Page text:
Trolley tracks are seen entering and exiting York’s Continental Square in the heyday of York County’s street railways in the first third of the 20th century.
May festivals and other memories from the 1920s and 1930s
A little while ago, I had a letter from Frances (Graff) Crerand, who wrote about May festivals, which I last mentioned in a November 2018 column.
It’s with sadness that I report that Frances passed away earlier this year, before I could publish her letter.
But as we near the end of May, I want to take the time to share her memories about this time of year and her childhood in York.
When Frances wrote, she began, “I enjoy reading your columns and since I am 96 years old and have lived in York my entire life I am familiar with almost all the events and places you write about.”
She noted that the column in which I talked about May festivals “brought back many fond memories. I even know all the words to the song ‘Molly Molly May!’ Two big events at most festivals were the crowning of the May queen and the Maypole dance.”
She continued, “From 1928 to 1932 I was a student at Hartley Elementary School, which was located at the corner of Princess Street and Richland Avenue. The organization which today is known as a PTA used to be called the Mothers’ Club at that time, and my mother was a very active member. About two weeks before the May Fete, each student was given 10 tickets that they were to sell to family and friends. The tickets cost 10 cents each and could be used to buy food, drinks or small toys at the Fete. The tickets were not always easy to sell because it was the start of the Great Depression and families were hurting. Also at that time 10 cents could probably buy a loaf of bread.”
Frances went on, “A few days before the Fete, a group of mothers would meet in the school basement kitchen to make baked goods and candy to sell at the festival. Five pieces of fudge sold for 10 cents. I wonder if anyone is still out there who remembers ‘The Taffy Lady’ – Mrs. Finneyfrock. She did a brisk business at her 752 W. Poplar St. home selling small cakes of different-flavored taffy for two cents each. I was a frequent customer.”
She continued, “My home was in the 700 block of West Princess Street and we had a wonderful, friendly neighborhood. As a child I knew everyone on the entire block. The majority of neighbors had to walk past my home on the way to the grocery store. Many would stop by just to say hello to my mother and grandmother or maybe they would even come in for a cup of coffee.”
She also wrote, “There was Goodlings’ Grocery Store at 801 W. Princess St. and Stambaugh’s Grocery at 901 W. Princess as well as Shewell’s Butcher Shop at the rear of 900 W. Poplar. This location later became the home of Senft’s Potato Chips. Then there was the Welcome Cigar Store at 801 W. Poplar, where some of the neighborhood men got together to play cards.”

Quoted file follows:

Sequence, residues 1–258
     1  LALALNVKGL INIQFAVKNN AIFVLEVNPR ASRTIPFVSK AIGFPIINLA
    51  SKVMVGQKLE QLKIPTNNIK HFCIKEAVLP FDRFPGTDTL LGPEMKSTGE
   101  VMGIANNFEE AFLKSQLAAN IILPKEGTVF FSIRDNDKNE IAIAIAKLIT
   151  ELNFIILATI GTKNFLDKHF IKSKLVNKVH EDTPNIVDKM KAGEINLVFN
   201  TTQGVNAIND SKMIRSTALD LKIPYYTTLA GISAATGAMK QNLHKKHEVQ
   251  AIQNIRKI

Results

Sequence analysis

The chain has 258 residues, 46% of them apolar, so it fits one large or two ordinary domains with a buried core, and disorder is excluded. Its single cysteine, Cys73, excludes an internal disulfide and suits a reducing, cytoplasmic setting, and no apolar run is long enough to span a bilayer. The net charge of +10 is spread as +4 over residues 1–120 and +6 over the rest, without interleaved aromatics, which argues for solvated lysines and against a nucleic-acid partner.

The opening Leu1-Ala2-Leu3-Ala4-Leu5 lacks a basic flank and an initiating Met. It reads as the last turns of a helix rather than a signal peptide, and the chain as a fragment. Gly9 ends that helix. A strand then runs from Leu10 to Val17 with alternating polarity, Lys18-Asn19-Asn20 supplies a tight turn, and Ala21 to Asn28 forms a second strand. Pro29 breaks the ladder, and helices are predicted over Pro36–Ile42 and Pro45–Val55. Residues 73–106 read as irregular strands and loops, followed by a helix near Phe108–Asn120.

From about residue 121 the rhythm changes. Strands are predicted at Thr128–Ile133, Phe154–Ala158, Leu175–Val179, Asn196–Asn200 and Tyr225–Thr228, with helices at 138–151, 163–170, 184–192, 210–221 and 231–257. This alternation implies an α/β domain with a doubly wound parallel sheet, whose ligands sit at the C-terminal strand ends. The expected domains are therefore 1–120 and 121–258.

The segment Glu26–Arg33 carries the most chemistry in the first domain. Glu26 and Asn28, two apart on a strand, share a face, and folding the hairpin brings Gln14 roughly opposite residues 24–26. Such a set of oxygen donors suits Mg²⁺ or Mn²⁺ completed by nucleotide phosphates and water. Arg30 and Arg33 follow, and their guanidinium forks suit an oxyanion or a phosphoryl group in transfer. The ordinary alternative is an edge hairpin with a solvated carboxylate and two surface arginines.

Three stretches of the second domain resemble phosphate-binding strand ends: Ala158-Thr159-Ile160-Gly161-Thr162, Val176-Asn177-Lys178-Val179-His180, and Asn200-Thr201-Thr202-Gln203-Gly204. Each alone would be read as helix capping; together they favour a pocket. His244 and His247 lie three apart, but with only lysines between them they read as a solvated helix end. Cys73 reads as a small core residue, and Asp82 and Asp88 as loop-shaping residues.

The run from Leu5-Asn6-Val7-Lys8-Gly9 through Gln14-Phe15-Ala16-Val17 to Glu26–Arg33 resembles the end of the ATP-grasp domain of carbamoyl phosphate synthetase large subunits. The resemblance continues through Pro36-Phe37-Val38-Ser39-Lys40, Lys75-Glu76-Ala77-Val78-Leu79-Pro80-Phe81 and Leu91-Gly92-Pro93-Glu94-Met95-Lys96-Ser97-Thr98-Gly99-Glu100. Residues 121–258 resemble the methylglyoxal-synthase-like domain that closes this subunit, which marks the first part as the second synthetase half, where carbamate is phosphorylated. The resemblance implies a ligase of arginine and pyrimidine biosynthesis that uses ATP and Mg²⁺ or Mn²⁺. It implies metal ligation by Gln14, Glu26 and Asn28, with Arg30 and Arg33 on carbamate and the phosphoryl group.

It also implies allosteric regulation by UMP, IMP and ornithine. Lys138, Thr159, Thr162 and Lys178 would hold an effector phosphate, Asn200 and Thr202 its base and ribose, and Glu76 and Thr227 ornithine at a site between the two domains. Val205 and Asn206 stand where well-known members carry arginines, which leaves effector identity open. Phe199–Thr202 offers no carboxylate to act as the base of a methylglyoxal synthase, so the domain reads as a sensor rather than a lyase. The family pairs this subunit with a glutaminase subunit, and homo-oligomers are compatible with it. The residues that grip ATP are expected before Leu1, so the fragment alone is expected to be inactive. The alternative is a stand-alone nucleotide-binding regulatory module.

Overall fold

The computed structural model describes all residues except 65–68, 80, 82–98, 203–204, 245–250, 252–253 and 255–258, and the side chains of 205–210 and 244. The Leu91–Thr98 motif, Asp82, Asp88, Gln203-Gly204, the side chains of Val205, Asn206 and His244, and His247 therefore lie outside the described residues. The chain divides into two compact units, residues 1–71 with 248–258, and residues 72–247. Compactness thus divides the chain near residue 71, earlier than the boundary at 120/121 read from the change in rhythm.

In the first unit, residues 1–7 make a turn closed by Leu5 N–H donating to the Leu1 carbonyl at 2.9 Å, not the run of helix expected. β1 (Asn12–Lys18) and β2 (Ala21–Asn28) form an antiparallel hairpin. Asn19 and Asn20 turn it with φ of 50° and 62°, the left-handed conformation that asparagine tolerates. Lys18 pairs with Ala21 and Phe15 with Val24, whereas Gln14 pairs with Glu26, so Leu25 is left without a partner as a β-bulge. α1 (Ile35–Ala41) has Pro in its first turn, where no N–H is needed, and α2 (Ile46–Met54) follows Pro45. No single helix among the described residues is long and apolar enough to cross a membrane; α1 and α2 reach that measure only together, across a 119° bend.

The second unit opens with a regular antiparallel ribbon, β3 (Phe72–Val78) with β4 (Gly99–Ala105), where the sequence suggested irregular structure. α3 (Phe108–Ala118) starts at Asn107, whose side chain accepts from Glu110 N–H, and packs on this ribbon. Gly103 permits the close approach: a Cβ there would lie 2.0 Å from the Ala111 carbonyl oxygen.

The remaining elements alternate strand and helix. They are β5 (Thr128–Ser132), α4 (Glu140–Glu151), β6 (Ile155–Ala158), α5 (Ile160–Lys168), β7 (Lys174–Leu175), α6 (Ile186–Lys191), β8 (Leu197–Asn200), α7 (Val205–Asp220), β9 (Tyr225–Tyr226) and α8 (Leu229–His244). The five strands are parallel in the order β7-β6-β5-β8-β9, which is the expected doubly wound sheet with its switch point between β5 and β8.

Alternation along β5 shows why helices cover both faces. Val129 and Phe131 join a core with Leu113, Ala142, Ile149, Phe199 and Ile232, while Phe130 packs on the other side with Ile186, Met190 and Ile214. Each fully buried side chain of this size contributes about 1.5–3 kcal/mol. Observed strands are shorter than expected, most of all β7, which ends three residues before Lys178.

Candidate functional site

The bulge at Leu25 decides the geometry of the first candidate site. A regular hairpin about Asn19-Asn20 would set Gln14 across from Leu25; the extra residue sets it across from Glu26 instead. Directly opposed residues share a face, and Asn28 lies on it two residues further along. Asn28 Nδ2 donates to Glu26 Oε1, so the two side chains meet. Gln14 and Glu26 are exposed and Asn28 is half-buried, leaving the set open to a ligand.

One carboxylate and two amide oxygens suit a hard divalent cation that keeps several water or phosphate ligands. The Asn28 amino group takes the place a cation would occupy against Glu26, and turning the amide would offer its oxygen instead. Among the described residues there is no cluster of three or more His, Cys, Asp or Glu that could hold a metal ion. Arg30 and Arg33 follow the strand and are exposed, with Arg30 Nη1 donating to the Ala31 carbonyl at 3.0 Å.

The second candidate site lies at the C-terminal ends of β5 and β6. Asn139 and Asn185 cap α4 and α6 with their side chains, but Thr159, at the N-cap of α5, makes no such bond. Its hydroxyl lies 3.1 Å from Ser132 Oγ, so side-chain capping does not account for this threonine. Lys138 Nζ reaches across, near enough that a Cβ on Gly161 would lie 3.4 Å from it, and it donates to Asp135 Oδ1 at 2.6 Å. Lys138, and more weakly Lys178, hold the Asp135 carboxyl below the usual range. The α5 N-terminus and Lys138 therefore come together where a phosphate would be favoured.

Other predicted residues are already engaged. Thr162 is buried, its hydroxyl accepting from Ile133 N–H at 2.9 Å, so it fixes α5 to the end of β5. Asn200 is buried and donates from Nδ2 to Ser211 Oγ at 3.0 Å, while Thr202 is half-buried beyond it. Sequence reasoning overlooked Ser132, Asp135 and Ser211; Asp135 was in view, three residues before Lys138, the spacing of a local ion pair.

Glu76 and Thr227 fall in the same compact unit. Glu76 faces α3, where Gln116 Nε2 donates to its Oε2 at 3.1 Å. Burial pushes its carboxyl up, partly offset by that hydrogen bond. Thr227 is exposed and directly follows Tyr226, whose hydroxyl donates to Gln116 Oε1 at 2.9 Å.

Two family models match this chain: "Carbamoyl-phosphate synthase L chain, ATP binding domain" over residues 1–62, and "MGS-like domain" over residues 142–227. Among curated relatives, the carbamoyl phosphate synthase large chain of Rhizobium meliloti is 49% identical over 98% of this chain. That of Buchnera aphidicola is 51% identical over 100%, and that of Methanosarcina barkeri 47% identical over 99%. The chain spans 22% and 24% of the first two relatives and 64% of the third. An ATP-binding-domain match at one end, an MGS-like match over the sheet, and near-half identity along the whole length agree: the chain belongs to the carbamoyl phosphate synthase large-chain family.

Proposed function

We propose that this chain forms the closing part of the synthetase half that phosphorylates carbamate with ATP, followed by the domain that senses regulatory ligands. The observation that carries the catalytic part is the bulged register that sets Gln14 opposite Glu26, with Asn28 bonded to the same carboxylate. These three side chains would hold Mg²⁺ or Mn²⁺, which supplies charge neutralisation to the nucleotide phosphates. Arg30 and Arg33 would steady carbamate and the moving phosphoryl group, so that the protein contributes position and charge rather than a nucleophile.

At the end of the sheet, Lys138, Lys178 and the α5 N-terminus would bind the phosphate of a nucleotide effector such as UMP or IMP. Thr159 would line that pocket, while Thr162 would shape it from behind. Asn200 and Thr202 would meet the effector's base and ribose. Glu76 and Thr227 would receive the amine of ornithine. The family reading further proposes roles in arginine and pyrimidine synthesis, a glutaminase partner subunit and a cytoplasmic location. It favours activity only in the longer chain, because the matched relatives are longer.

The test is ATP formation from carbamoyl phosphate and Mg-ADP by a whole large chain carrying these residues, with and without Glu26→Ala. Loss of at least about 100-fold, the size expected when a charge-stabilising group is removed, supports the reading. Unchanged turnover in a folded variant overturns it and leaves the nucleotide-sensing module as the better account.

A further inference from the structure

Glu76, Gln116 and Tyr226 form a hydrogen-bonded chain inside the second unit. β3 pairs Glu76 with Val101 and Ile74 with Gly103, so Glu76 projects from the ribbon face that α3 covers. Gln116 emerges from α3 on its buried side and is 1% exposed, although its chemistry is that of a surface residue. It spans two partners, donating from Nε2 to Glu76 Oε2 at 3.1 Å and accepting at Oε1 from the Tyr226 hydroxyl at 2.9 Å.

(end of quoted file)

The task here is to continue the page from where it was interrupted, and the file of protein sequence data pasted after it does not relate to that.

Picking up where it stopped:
Frances continued, “The most activity in the west end was in the 600 and 700 blocks of West Market Street. There was the Royal Fire Company, the Hiway Theater, a car dealership, Rehmeyers Appliance Store (which also had a substation inside), Lincoln Grille and Benny’s Restaurant (both popular kids’ hangouts), the 14 Carat Room (adults only), a newsstand, Guises’ Ice Cream Parlor, a drugstore, the L&H 5&10 and Yingling’s Ice Cream Store. There was also a fortune-teller and a Veterans’ Association building where, after the war, they had a band and entertainment every Friday and Saturday night.”
Then she wrote about something that we have talked about before in this column – York’s streetcar service, seen in the photo with today’s column.
Frances noted, “If I was in this area and had to walk home alone, I would often decide to wait at the corner of West Market Street and Belvidere Avenue for the first streetcar that came along. If I was lucky and the first car was marked PRINCESS ST., for a small fee it would take me east to the square, south on George Street and west on Princess Street, where I could get off directly in front of my home at 755 W. Princess St. If I had to take the trolley car marked MARKET ST., then it would only take me to the square. Before I got off, I would ask the conductor for a transfer, which was a small piece of paper. Then I had to stand in the square and wait until the PRINCESS ST. car arrived, and when I gave the conductor my transfer, it allowed me to ride the rest of the way home for free. The streetcars stopped at every intersection when someone wanted off, so sometimes it took me an hour to get home.”
I would like to conclude today by noting that, in her letter, Frances took the time to give a “shout-out” or hello to several of her friends, saying, “With all the years I spent growing up and living in York, I am fortunate to still have friends and bridge partners in my age group.”
She listed several: Mareece (Senft) Gibbs and Doris (Meckley) Shewell (both 97 at the time of Frances’ letter); Janet (Conway) Biros (96); Dolores (Kitzmiller) Quickel (95); Dorothea (Graff) Zimmerman (93), Frances’ sister; Ruth Zemaitis and Doris Breishner (91); and Dolores Zellers Dellinger (90).
Unfortunately, Dolores Quickel also passed away, in March of this year. My condolences to her family and Frances’; I am grateful to be able to share some of these memories, even if later than I would have liked.Have questions or memories to share? Email me at email@example.com or write to Ask Joan, York Daily Record/Sunday News, 1891 Loucks Road, York PA 17408. We cannot accept any phone calls with questions or information.